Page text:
masque

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masque (or mask or maske). An aristocratic ceremonial entertainment in the 17th cent., consisting of a combination of poetry, vocal and instr. mus., dancing, acting, costume, pageantry, and scenic decoration, applied to the representation of allegorical and mythological subjects. It was much cultivated in It., from which country Eng. seems to have learnt it, then carrying it to a very high pitch of artistic elaboration. It developed from the intermedii and from mystery plays. In Elizabethan times, among the authors employed was Ben Jonson, a supreme master of the Eng. masque; he sometimes enjoyed the collab. of Inigo Jones as designer of the decorations and machinery. Among composers of masque mus. were Campion, Coprario, Lanier, and the younger Ferrabosco. From a literary point of view the most famous masque is Milton's Comus (1634); for this the mus. was supplied by Henry Lawes, but the finest masques of this period had music by his brother William. Masques continued under the Puritan régime of the Commonwealth and Protectorate, some being arr., by authority, for entertainment of distinguished foreign visitors. After the Restoration, masque episodes were popular in plays, and music for them was composed by John Blow, Pelham Humfrey, Louis Grabu, and Henry Purcell. A late example is Arne's Alfred (1740), written for perf. in the Prince of Wales's garden: from it comes the song Rule, Britannia!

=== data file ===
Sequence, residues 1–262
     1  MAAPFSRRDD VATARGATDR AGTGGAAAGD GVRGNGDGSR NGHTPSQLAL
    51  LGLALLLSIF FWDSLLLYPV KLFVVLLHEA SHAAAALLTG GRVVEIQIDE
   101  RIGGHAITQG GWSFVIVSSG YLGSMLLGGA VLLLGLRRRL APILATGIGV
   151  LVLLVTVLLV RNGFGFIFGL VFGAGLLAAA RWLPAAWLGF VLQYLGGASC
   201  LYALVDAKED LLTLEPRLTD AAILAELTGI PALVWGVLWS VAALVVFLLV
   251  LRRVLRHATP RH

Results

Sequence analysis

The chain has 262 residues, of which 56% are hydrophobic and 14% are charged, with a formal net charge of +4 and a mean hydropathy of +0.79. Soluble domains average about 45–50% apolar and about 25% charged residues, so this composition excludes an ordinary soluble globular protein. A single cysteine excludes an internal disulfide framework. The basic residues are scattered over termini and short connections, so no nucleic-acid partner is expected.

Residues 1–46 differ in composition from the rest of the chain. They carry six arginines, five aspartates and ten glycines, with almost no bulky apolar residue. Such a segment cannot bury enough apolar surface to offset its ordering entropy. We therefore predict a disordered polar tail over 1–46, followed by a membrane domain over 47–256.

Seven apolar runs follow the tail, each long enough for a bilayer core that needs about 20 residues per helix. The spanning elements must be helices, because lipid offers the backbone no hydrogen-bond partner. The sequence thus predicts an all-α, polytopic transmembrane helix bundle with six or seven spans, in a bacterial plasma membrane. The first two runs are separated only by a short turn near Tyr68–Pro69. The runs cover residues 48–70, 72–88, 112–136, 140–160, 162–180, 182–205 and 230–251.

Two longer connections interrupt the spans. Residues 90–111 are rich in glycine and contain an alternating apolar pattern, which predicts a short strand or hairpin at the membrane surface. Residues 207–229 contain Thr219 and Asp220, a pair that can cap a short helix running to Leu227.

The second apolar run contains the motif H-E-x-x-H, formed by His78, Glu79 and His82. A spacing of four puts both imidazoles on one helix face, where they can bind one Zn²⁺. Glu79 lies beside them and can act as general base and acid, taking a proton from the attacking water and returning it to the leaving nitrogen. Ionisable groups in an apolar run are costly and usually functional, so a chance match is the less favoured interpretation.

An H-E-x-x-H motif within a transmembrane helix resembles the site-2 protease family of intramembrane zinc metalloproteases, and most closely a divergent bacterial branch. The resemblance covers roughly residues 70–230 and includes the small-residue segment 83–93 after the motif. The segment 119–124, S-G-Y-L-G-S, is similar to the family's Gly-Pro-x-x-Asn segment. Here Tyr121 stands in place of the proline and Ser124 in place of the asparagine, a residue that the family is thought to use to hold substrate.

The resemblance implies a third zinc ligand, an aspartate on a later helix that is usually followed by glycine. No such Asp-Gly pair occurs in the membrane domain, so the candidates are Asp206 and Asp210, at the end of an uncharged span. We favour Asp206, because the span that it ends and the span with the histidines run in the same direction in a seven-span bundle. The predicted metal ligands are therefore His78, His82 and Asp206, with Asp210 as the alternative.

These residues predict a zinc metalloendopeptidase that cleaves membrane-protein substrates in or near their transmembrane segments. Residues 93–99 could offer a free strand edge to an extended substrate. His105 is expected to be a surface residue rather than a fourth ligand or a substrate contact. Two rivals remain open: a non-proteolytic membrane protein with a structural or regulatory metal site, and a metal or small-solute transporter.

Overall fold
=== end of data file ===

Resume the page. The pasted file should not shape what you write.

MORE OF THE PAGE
In the 20th cent. Vaughan Williams described his ballet Job as a ‘masque for dancing’, to indicate that 19th-cent. type of choreog. would not be appropriate. Lambert's Summer's Last Will and Testament is described as a masque.

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masque / mask/ • n. 1. a form of amateur dramatic entertainment, popular among the nobility in 16th- and 17th-century England, which consisted of dancing and acting performed by masked players. ∎  a masked ball. 2. variant spelling of mask (sense 1). DERIVATIVES: mas·quer / ˈmaskər/ n.

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masque Dramatic presentation that originated in Italy but became popular in the English court and the great houses of the nobility during the late 16th and early 17th centuries. The masque consisted of verse, comedy and, as an essential feature, a dance for a group of masked revellers. The earliest masque text is Proteus and the Adamantine Rock, performed at Gray's Inn in 1594 in honour of Queen Elizabeth I.

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masque masked ball; histrionic entertainment consisting of dancing and dumb show XVI; dramatic composition for an entertainment of this kind XVII. var. of MASK, the F. sp. being now restricted to these senses.

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masque a form of amateur dramatic entertainment, popular among the nobility in 16th- and 17th-century England, which consisted of dancing and acting performed by masked players, originally in dumbshow and later with metrical dialogue.

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